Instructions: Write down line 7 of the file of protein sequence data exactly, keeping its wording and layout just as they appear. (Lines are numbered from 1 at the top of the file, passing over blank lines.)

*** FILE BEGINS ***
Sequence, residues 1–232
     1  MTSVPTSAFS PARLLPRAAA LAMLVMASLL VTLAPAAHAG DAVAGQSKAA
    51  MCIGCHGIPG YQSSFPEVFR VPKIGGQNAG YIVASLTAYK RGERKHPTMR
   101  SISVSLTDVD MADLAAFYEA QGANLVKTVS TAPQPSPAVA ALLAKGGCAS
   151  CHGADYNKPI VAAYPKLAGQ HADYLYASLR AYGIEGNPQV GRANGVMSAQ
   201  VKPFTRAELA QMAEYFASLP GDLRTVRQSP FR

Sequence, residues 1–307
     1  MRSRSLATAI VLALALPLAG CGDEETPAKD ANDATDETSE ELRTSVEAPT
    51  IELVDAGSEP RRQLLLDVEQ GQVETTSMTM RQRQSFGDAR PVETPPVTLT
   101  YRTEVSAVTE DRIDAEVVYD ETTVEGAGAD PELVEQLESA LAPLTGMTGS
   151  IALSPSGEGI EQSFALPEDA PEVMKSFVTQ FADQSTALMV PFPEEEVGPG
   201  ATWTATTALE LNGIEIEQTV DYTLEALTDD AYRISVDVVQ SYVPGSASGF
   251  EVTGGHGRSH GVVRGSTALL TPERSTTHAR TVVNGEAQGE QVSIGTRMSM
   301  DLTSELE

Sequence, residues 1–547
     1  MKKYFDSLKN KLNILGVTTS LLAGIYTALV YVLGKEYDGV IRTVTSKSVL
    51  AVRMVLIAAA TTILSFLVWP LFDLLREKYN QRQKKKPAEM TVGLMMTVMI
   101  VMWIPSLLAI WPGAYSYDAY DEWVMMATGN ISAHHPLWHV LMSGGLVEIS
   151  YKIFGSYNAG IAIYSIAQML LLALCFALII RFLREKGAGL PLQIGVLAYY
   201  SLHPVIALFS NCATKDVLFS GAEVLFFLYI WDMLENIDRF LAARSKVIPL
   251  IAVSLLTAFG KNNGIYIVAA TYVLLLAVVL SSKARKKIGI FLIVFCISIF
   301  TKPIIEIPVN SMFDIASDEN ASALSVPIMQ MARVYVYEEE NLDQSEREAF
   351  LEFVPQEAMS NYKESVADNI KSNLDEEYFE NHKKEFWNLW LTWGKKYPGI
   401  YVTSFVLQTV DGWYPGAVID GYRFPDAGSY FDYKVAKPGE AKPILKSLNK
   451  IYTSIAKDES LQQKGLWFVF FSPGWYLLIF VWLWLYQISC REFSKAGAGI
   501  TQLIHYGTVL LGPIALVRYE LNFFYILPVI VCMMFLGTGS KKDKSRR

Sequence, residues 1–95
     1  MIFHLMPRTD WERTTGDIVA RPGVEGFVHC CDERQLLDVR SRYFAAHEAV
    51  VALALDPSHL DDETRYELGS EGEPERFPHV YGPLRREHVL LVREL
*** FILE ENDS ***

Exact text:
Sequence, residues 1–307